# How an Engine Works (Super-simplified with a Tricycle, a Sink, and Exploding Cars)

This post was adapted from a section I had to cut from an early draft of a book.

Today I’m going to explain how a gasoline engine works, using things you already understand: a tricycle wheel, a spray bottle, a syringe, and a bathroom sink.

Remember when you were little and you had a tricycle?

After you’d pedaled up and down the block a hundred times, you probably experimented with things like pedaling with just one foot. You discovered that if you pushed down hard enough, the momentum of the bike kept the wheel going and brought the pedal back up again.

Remember shuffling your shoes on the carpet and then touching your sister on the ear? (Don’t try to deny it, I know you did this.) Of course, zapping your sister would hurt you too, unless you figured out that you could hold something metal in your hand, and that would conduct the electricity.

Another fun toy was the syringe.

You could fill the bathroom sink full of water, stick the syringe in, pull the plunger back and it would suck up water. Then you could press the plunger forward and shoot water at your sister.

And there was always the squirt bottle. Useful for squirting sisters or just misting yourself when it was hot.

What do these things have to do with a gasoline engine? Believe it or not, you already understand all the basic parts of an engine. Here’s a really simplified engine diagram.

Let’s start with the piston. This is a lot like the plunger in the syringe. It slides up and down inside a cylinder. When you pull the piston down, it sucks in air. When you push the piston up, it pushes the air out. The crank is like the pedal on your old tricycle and the connecting rod is like your leg. When you turn the wheel, the crank pushes the cylinder up and down. The valves you see at the top of the cylinder work just like the drain plug in your bathroom sink. They open and close to let air in or out of the cylinder.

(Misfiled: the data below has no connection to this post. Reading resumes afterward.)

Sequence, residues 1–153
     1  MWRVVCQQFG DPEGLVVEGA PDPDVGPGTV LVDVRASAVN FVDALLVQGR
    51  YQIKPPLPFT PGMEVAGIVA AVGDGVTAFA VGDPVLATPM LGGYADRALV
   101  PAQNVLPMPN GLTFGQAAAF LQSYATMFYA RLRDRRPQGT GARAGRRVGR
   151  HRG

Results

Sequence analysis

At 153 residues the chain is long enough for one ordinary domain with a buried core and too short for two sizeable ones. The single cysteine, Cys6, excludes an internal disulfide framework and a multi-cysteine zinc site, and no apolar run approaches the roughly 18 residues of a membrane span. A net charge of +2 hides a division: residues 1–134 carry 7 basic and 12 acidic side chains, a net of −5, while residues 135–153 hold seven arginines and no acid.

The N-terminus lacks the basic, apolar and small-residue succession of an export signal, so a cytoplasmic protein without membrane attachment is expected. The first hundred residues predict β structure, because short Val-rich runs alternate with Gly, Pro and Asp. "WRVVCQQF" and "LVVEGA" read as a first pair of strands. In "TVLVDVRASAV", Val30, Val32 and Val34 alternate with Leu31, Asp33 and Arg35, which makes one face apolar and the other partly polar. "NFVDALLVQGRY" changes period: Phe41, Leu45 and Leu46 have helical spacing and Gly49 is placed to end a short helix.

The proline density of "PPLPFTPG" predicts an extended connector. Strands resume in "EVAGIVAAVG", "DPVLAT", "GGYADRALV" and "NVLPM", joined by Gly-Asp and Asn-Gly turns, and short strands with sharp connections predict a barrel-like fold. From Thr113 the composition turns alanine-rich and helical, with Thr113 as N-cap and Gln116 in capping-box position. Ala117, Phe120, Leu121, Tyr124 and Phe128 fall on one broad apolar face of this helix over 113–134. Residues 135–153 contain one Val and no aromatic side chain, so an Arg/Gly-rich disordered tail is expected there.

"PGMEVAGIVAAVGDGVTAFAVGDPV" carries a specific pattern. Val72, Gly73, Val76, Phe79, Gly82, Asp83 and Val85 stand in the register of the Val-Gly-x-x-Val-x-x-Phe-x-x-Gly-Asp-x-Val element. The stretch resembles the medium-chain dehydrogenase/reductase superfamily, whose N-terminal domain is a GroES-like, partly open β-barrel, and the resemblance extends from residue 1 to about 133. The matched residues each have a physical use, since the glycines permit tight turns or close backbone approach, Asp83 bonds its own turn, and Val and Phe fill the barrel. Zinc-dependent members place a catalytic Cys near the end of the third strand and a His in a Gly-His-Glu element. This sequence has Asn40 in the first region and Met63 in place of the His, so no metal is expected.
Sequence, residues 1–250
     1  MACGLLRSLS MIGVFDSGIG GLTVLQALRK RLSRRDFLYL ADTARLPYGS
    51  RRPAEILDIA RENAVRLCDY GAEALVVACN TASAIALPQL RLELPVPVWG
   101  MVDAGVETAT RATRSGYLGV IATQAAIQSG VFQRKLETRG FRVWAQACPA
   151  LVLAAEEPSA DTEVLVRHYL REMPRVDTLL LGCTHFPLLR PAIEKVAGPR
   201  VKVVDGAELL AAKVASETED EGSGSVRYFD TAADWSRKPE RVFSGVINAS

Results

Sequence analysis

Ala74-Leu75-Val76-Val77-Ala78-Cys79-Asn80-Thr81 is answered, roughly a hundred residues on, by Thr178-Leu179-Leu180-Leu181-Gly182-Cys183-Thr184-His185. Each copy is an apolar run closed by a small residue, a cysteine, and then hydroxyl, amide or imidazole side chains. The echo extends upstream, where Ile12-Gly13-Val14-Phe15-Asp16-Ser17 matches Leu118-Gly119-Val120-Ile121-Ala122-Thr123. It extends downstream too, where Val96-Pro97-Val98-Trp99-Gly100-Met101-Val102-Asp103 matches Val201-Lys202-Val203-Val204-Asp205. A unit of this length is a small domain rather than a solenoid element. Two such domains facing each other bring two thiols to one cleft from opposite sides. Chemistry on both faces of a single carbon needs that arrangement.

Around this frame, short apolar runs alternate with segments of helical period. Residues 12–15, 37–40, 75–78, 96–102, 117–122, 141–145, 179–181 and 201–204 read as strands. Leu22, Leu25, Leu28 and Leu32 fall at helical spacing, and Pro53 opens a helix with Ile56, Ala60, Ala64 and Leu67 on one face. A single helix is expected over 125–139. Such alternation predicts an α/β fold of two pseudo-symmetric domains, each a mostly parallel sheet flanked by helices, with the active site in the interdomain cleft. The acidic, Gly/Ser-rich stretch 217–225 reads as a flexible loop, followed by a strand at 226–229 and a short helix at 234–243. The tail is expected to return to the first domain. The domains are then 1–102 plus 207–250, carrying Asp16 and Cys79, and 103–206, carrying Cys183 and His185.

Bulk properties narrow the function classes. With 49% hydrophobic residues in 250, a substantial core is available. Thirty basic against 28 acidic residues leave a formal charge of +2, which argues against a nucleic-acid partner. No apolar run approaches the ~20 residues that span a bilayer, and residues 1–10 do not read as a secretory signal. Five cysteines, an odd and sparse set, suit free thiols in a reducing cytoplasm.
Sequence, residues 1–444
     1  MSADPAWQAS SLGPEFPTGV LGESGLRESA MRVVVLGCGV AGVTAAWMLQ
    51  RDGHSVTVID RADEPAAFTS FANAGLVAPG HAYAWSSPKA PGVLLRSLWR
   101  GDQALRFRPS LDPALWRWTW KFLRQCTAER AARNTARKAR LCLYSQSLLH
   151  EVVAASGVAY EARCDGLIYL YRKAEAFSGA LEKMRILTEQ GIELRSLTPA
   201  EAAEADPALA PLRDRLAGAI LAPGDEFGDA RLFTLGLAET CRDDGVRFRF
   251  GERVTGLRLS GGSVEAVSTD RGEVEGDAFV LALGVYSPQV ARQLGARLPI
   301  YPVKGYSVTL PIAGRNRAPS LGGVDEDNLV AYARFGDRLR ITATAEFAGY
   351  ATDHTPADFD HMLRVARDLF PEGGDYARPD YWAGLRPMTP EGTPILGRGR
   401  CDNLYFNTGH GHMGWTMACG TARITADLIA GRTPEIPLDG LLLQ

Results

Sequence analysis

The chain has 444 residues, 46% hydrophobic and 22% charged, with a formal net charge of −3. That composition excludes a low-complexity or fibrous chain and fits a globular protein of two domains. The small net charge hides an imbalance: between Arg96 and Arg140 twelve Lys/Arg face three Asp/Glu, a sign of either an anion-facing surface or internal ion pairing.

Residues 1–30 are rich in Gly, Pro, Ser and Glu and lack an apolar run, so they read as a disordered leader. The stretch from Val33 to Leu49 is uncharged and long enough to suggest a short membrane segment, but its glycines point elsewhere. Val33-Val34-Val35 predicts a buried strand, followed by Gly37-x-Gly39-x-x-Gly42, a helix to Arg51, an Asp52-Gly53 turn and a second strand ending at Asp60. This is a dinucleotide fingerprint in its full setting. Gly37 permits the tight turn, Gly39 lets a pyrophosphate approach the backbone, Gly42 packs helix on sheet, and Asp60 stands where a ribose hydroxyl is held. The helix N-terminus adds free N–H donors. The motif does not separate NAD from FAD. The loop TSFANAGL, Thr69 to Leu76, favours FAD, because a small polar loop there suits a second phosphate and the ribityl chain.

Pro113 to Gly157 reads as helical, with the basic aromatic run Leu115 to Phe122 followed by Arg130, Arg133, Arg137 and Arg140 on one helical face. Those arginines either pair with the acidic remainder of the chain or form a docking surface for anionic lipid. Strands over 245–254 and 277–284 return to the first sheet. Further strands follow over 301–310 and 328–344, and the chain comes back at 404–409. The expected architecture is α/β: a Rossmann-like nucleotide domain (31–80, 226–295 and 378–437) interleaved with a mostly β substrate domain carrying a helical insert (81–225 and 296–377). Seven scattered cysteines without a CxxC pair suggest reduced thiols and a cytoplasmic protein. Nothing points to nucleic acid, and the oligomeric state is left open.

Now let’s look at the fuel. You’d think from Hollywood movies that a tank of gasoline is a bomb, just waiting to go off. After all, any time a car goes off a cliff in a movie, as soon as it hits the bottom, it explodes in a big fireball.

Sadly, cars rarely explode in real life. Gasoline is flammable, but in order for it to explode, it needs to be mixed with air first. That’s the job of the carburetor (or in some engines, the fuel injector). It’s a lot like the spray bottle. It sprays fuel in small droplets so the fuel mixes with air. Once gasoline is mixed with air, it’s very dangerous; even a small spark will set it off.

That brings us to the spark plug. It’s really just an insulated piece of metal that sticks down into the cylinder.

Now let’s start things going and watch what happens. When you turn the ignition on a car, an electric starter motor turns the crank, which moves the piston.

First, the intake valve opens, and the cylinder starts down. This sucks in air, and the carburetor sprays fuel into the incoming air.

When the piston gets to the bottom, the intake valve closes, and the piston starts back up. This squishes the air and fuel together, which makes it even more explosive.

When the piston gets to the top, a high voltage charge is sent to the spark plug, which makes a spark inside the cylinder.

The fuel/air mixture explodes, and the explosion forces the piston down.

As the piston is forced down, it turns the crank. This is like stepping hard on the pedal of the tricycle wheel. The momentum from this stroke will keep the crank turning, so we don’t need the starter motor any more.

When the piston gets to the bottom, the exhaust valve opens. Then the piston starts back up, pushing the exhaust gasses (the smoke) out of the cylinder, and out the exhaust pipe.

When the piston gets to the top of the cylinder, the exhaust valve closes, the intake valve opens, and the cycle starts all over again.

Real engines are a bit more complicated than this super-simplified example, but all gasoline engines work on these basic principles.

Now go apologize to your sister.